The salt can lose its savour, the sheep can be lead astray, the branch can cease to produce fruit, and the seed can be trampled by the wayside or overcome by weeds. We have been warned and nothing is new. A faithful remnant will of course persevere.
    6. A demonstrably unfaithful translation in light of the above.
    A branch that is not producing fruit
    7. A pope reacting to the above and finally decreeing clear criteria for translation.
    Too little too late, but the Divine pruner will be action soon
    8. A new translation in 2011 for the Missal, and the other texts according to the same principles coming later this year.
    Once again this looks like more deck chair arranging, when more important issues need to be dealt with.
  • davido
    Posts: 619
    Gamba, these are great insights, and you are probably correct that most of those items will not be repeated.
  • CharlesW
    Posts: 11,641
    I think we will always have problems in America as long as we keep trying to fix the deeply-flawed NAB and Grail projects, now in their ???th revisions, but I think the other liturgical texts will persist for a good while.


    I tend to use the RSV 2nd Catholic Edition and the Orthodox Study Bible over the NAB. I don't find that much wrong with the NAB Old Testament since more time was spent on it and it was simply done better than the New Testament. I have the Grail and have seen better. I understand it was supposed to be for singing?
  • GambaGamba
    Posts: 435
    To clarify, I was listing #3 as a silly conceit, which bore its bad fruit in #6.

    CharlesW as I understand it, the Grail Psalms were indeed written to be sung, to Fr. Gelineau’s new psalm tones, which sound better musically when the text is altered to place the strong/accented word at the end of a phrase, to align with the cadence. This produced a text full of truly tortured oddities like “for King of all the earth is God”, and the text also fights attempts to sing to Gregorian tones, due to this weird trait and also the attempt to produce regular patterns of word stresses. So, the fidelity and clarity of the text took a back seat to an attempt to make English words sound tolerable when sung according to a system designed to chant words in French.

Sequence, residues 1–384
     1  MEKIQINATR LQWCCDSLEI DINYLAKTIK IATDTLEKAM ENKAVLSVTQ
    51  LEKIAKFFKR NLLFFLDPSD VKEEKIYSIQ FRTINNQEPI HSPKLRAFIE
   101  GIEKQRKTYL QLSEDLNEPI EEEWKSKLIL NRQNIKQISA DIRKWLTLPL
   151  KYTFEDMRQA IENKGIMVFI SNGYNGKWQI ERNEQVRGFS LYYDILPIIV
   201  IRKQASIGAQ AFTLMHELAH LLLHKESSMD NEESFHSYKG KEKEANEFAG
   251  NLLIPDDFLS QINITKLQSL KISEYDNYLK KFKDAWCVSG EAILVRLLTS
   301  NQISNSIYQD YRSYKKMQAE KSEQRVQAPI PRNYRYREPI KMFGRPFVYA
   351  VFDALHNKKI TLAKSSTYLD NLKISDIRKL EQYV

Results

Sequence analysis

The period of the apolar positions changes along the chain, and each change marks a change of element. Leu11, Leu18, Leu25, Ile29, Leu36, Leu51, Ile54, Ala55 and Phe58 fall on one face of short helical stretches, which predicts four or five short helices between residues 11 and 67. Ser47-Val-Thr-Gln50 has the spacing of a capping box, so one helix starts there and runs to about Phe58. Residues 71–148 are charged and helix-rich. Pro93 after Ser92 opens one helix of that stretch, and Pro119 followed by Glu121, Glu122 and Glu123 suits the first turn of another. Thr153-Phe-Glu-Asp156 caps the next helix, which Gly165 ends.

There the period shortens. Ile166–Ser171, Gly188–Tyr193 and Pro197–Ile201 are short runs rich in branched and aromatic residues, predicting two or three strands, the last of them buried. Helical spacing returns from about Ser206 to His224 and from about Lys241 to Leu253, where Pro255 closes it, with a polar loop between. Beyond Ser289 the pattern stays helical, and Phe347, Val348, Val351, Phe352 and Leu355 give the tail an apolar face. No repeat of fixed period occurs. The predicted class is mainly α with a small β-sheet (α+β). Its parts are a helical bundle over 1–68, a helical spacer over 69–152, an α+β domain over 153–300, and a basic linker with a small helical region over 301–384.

So whenever (in an NO context) I have the Schola append verses to a communion antiphon, I always take the verses from the 1979 BCP psalms, which are pretty much straight RSV. If it’s licit to sing any old song then, I’d rather do the chant + comprehensible psalmody.
    Thanked by 1tomjaw
  • an attempt to make English words sound tolerable when sung according to a system designed to chant words in French.


    So, is the problem that someone unskilled in the art of poetry tried to adapt a good system, or is the problem with the system itself?
    Thanked by 1tomjaw
  • GerardH
    Posts: 279
    the [Grail] text also fights attempts to sing to Gregorian tones

    You can say that again! I've had some successes, but some of the psalms are extremely resistant.

    That being said, I'm not sure pure prose is any better. The translations of the NT canticles in the Commonwealth Divine Office editions are not from the Grail (as far as I can tell), and they're even worse to adapt.
  • Gerard,

    You've just made the best imaginable argument for Latin in the liturgy: the texts available in English rarely (but not never) adapt well to the music of the Roman Rite.
    Thanked by 1tomjaw
  • Grail loves to end lines on one-syllable words.
  • GerardH
    Posts: 279
    Grail loves to end lines on one-syllable words.

    Which isn't usually a problem for mediations (using the abrupt form), but it's more difficult for endings
  • Exactly